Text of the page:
Detection of SARS-CoV-2 in an independent and assisted living community for older adults in Seattle, Washington
Detection of SARS-CoV-2 in an independent and assisted living community for older adults in Seattle, Washington. Spencer EA, Heneghan C.
Published on July 27, 2020
Transmission Dynamics of COVID-19
||Roxby AC, Greninger AL, Hatfield KM, et al. Detection of SARS-CoV-2 among residents and staff members of an independent and assisted living community for older adults — Seattle, Washington, 2020. MMWR Morb Mortal Wkly Rep 2020;69:416–418. DOI: http://dx.doi.org/10.15585/mmwr.mm6914e2
||Seniors’ housing community
||Close contact, person to person
Symptom-based screening might not identify SARS-CoV-2 infections in independent and assisted living facility residents.
Following identification of two COVID-19 cases in a Seattle independent and assisted living facility, stringent preventive measures were implemented. Testing of all residents and staff members was performed.
Mean age of residents was 86 years (range 69 to 102 years); mean age of staff members was 40 years (range 16 to 70 years).
In testing round 1: 142 residents and staff members were tested. Three of 80 residents (3.8%) and two of 62 staff members (3.2%) had positive test results. None of the residents with positive tests reported symptoms at the time of testing; however, one reported resolved mild cough and loose stool during the preceding 14 days. During this round, symptoms were reported by 42% of residents and 25% of staff members who had negative test results for SARS-CoV-2.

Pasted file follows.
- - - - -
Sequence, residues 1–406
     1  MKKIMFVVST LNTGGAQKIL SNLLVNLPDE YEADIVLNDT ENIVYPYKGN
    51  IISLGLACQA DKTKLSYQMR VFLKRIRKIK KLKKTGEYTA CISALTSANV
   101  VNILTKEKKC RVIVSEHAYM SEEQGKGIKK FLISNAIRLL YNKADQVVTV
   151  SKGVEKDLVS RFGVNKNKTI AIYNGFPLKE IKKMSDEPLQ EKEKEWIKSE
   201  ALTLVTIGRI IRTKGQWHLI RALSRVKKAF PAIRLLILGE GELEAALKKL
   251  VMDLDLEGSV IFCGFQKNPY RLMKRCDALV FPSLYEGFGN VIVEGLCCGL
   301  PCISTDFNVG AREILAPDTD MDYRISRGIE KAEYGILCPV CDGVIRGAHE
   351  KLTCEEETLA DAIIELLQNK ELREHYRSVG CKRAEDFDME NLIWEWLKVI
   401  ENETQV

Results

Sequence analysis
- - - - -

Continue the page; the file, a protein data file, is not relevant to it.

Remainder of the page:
In testing round 2: one additional positive test result was reported for an asymptomatic resident who had negative test results on the first round.
What did they do?
The study describes the occurrence and symptomology of COVID-19 within a senior independent and assisted living community in Seattle, USA. In this housing community, the residents do not require skilled nursing services, and do not live as closely together as do residents in skilled nursing facilities. Between 5th and 9th March 2020, two residents were hospitalized with confirmed COVID-19 infection.
On 6th March, social distancing and other preventive measures were implemented in the housing community. Two rounds of SARS-CoV-2 testing were conducted seven days apart, using nasopharyngeal swabs and real-time RT-PCR.
Round 1: 10th March. Physical distancing and other preventive measures had been in effect for >72 hours. All residents and staff members were tested for SARS-CoV-2, and asked to complete a questionnaire about their symptoms during the preceding 14 days.
Round 2: 17th March. All residents were tested again. Staff members were not retested.
This was a study with very few events (cases) and needs replication. As in numerous retrospective studies, recall bias may have affected participants’ reporting of symptoms here.
|Clearly defined setting
||Demographic characteristics described
||Follow-up length was sufficient
||Transmission outcomes assessed
||Main biases are taken into consideration
What else should I consider?
Few cases were identified and the authors propose this may be due to well enforced physical distancing procedures combined with little contact with healthcare providers.
About the authors